Sunday notes: Less is more • 02.20.11
The weight issue won’t quite go away here in Tampa. Alex Rodriguez arrived in camp a little bit lighter. Buster Olney reported it was 10 pounds lighter. Joe Girardi said it wasn’t quite that much. Whatever the exact number, it’s more than a pound or two, but not so much that Rodriguez looks drastically different.
“Sometimes guys just feel like they want to be a little bit lighter,” Girardi said. “It might add to their game. Physically they might bounce back quicker. That’s not uncommon for a player to try to put more energy into their body, and sometimes it is by not having to carry so much mass.”
Girardi said he didn’t know Rodriguez was planning to lose weight until Rodriguez reported to camp. But seeing him, Girardi has no complaints.
“This is just the weight that he showed up,” Girardi said. “He showed up in very good shape, so I’m not going to complain about that.”
“I’m careful to not try to push players right now or to say a whole lot to pitchers — we need a little bit more, your breaking ball’s not quite as sharp – because I don’t want them trying to overdo it,” Girardi said. “Sometimes there might even be a guy that’s throwing the ball well, and if I come around I see that he missed a couple of spots, I might just move on (if it’s) a young guy. I don’t want them thinking, gosh, the manager’s watching. Just let them go about their business. There will be plenty of time to evaluate.”
• That said, five pitchers threw batting practice to actual hitters early this morning: Joba Chamberlain, Ivan Nova, Dave Robertson, Brian Anderson and Manny Banuelos. “Some guys got an early morning wakeup call at 8:15,” Girardi said.
• Eight more pitchers will throw BP tomorrow. Girardi didn’t say who.
• Because there are fewer workout days, there will be no intrasquad games before the actual spring schedule.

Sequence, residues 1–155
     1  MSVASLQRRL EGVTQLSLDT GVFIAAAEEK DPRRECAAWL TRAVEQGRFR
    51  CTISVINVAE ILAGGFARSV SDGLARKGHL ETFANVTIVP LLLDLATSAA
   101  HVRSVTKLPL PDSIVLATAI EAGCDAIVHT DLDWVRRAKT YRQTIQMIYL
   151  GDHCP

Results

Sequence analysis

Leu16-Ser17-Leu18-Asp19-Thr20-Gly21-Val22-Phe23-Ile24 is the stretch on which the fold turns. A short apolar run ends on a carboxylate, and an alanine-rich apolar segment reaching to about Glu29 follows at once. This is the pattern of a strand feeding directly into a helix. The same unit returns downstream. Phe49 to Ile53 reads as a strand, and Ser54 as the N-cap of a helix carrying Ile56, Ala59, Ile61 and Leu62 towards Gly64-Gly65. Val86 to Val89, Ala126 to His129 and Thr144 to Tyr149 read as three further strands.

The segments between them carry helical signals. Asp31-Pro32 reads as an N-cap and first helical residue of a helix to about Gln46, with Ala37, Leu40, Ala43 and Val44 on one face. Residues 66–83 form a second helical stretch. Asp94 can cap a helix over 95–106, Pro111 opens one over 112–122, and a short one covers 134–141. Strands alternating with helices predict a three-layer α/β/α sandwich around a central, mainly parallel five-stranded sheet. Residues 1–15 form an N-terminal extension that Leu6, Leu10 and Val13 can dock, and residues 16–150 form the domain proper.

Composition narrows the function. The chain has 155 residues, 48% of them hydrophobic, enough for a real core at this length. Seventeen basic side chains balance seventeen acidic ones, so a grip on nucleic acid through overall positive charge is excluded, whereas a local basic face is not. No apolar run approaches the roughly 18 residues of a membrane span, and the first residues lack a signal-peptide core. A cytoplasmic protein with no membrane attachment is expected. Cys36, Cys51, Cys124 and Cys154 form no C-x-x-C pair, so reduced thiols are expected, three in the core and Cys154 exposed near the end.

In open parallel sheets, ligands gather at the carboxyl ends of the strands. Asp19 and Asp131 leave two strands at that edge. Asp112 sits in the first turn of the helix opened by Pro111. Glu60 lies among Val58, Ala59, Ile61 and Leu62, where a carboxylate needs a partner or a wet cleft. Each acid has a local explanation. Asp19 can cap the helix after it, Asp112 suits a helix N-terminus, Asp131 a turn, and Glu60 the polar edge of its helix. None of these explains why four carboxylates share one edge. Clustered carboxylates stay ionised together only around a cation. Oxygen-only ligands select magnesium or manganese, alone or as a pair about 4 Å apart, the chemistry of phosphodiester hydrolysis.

• Girardi said he knows who he wants to start the spring opener, but he wants to wait a few days to make sure that pitcher is still good to go. He promised to make the announcement on Tuesday.
• When he finished hitting, Jorge Posada spent some time at first base. Girardi said it’s possible Posada could see some time at the position this spring, but whether he’s a legitimate option at first during the season depends on who else is on the roster. “Is it a viable option? Is it an emergency option? A lot of it depends on the makeup of your roster,” Girardi said.
• Kevin Russo was listed as an infielder today, but he instead worked as an outfielder during drills. He said he expects to work in the infield tomorrow.
• Random infield assignments: Eric Chavez, Brad Suttle and Brandon Laird did their infield work at third base, and Jorge Vazquez got his time at first. Those four will probably spend time at both infield corners this spring. Ronnie Belliard and Doug Bernier got time at both second base and shortstop, though the time at short was just fielding grounders. I doubt Belliard is being looked at as a shortstop option. Ramiro Pena and Eduardo Nunez both worked at shortstop.
• Tino Martinez has arrived in Yankees camp as a guest instructor.
• Girardi and his staff are still discussing possible team outings. Not sure what it will be this year.
Associated Press photos of Jeter with Rodriguez during stretch; Nova in the bullpen; and Andruw Jones in the outfield
The Yankees first-round pick in 2009 was also a high school position player, and Slade Heathcott was moved cautiously in his first full season. Heathcott opened last year in extended spring training and didn’t join Low-A Charleston until June.
Vice president of baseball operations Mark Newman said the Yankees will “most likely” do the same thing this season with both Culver and second-round pick Angelo Gumbs. Both are 18 years old and developing at key defensive positions. Rushing them is not in the plans.
The same sort of caution could be true for fourth-round pick Mason Williams, a 19-year-old center fielder who played five Gulf Coast League games last season. Newman said the Yankees will “see where he is” in spring training before deciding where Williams opens the season.
Newman said there’s “no question” Culver will continue to be developed as a shortstop, but Gumbs will be tested at different positions. He could see some time at second base, and center field is a legitimate option. “We’re still in the evaluation stage,” Newman said.
• Speaking of Heathcott, he hit .258/.359/.352 with 101 strikeouts in 76 games with Charleston last season. It’s entirely possible he’ll return to Charleston for the beginning of the 2011 season. “We’ll see,” Newman said.